Potarazu also concealed from shareholders that VitalSpring owed substantial employment tax to the IRS. Potarazu provided or caused to be provided false corporate income tax returns to some shareholders that overstated VitalSpring’s income and omitted the accruing employment tax liability.
In November 2014, Potarazu created a Special Review Committee (SRC) in response to a lawsuit filed in Delaware by shareholders that claimed Potarazu misled the victim investors about VitalSpring’s finances, the status of the impending sale, and Potarazu’s compensation. Potarazu provided the SRC with false financial records, fake tax returns, and fake bank statements to induce the SRC to believe that VitalSpring was financially healthy and to cause the SRC to make materially false representations to the Delaware court and victim investors. He also falsely represented that the alleged imminent sale would yield substantial returns to the shareholders, and used this to induce additional investments. Members of the SRC traveled interstate to the Eastern District of Virginia to attend meetings in which Potarazu presented false information for their review.
In truth, there was no imminent sale pending. Potarazu provided false financial records, including fake balance sheets, fabricated bank statements, and false tax returns, to several prospective buyers, financial advisors and investment banks. In December 2014, when he was questioned by Prospective Buyer 1 as to the accuracy and authenticity of bank records provided, Potarazu presented false or misleading emails purporting to be from a bank employee to bolster the legitimacy of the false bank records. Potarazu also presented Prospective Buyer 1 with a link to a fake website that was made to look like a website for a major national bank, and which referred Prospective Buyer 1 to VitalSpring’s false bank statements, and used a shadow, secondary email account assigned to a VitalSpring employee to provide false information to Prospective Buyer 1, thereby creating the appearance that Potarazu had not provided the information.
In October 2014, Prospective Buyer 2 informed Potarazu that it was no longer interested in VitalSpring. Nevertheless, Potarazu continued to represent to shareholders for months thereafter that there was a deal pending with Prospective Buyer 2. In March 2015 and February 2016, Potarazu organized, or caused to be organized, conference calls with shareholders to discuss the alleged sale. In advance of the calls, Potarazu obtained questions from the shareholders and used them to prepare the individual who posed as a representative of Prospective Buyer 2 for each call.
From 2011 to 2015, in addition to his salary paid by VitalSpring, Potarazu diverted at least $5 million from the victim investors and VitalSpring for his own personal use.
Employment Tax Fraud
Potarazu admitted that from 2007 to 2016, VitalSpring accrued employment tax liabilities of more than $7.5 million. Potarazu withheld taxes from VitalSpring employees’ wages, but failed to fully pay over the amounts withheld to the IRS. As CEO and President of VitalSpring, Potarazu was a “responsible person” obligated to collect, truthfully account for, and pay over VitalSpring’s employment taxes. Ultimate and final decision-making authority regarding VitalSpring’s business activities rested with Potarazu.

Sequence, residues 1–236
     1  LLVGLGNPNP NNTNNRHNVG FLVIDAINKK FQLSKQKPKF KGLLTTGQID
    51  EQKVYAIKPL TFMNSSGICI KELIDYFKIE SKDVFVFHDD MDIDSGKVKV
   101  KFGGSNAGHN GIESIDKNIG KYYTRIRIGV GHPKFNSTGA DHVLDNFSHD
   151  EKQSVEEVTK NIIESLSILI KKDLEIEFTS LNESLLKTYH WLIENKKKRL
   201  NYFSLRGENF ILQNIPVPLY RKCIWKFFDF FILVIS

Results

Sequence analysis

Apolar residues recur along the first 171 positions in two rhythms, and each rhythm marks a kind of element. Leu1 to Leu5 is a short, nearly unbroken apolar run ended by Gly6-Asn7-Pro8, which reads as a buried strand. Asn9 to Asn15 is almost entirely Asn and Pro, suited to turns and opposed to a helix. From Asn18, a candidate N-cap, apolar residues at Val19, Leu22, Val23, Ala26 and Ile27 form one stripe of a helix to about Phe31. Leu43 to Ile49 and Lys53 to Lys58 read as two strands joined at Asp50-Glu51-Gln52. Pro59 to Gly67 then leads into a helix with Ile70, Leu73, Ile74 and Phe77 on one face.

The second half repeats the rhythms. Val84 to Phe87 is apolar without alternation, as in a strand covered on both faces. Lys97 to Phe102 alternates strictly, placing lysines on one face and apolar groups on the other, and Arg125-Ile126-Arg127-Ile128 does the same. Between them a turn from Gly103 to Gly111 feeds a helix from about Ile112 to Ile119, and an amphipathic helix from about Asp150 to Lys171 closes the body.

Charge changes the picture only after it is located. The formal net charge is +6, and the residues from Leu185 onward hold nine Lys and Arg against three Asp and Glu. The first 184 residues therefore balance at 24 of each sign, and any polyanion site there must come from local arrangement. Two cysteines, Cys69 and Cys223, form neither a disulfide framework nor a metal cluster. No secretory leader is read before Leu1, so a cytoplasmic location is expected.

Potarazu was aware of the employment tax liability as early as 2007 and between 2007 and 2016, was frequently apprised of VitalSpring’s employment tax responsibilities by his employees. In addition, IRS special agents interviewed Potarazu in 2011 and informed him of the employment tax liability. In all but one quarter between the first quarter of 2007 and the last quarter of 2011, as well as the second and third quarters of 2015, Potarazu failed to file VitalSpring’s Employer’s Quarterly Federal Tax Return (Forms 941) with the IRS. Potarazu also failed to pay over any of the employment tax withheld from VitalSpring’s employees’ wages in all but one quarter between the second quarter of 2007 and the third quarter of 2011, as well as the third and fourth quarters of 2015.
Between 2008 and 2015, instead of paying over employment tax, Potarazu caused VitalSpring to make millions of dollars of expenditures, including thousands of dollars in transfers to himself and others, the publication of his book, “Get Off the Dime,” a sedan car service and travel.
In addition to the term of prison imposed, U.S. District Court Judge Gerald Bruce Lee ordered Potarazu to serve three years of supervised release, and to pay $49,511,169 in restitution to the shareholders and $7,691,071 to the IRS, and forfeiture of several homes, vehicles, and bank accounts. He was remanded into custody.
Acting Deputy Assistant Attorney General Goldberg and U.S. Attorney Boente commended special agents of IRS CI and the FBI, who conducted the investigation, and Assistant Chief Caryn Finley and Trial Attorney Jack Morgan of the Tax Division, and Assistant U.S. Attorney Jack Hanly, who prosecuted the case.
Additional information about the Tax Division’s enforcement efforts can be found on the division’s website.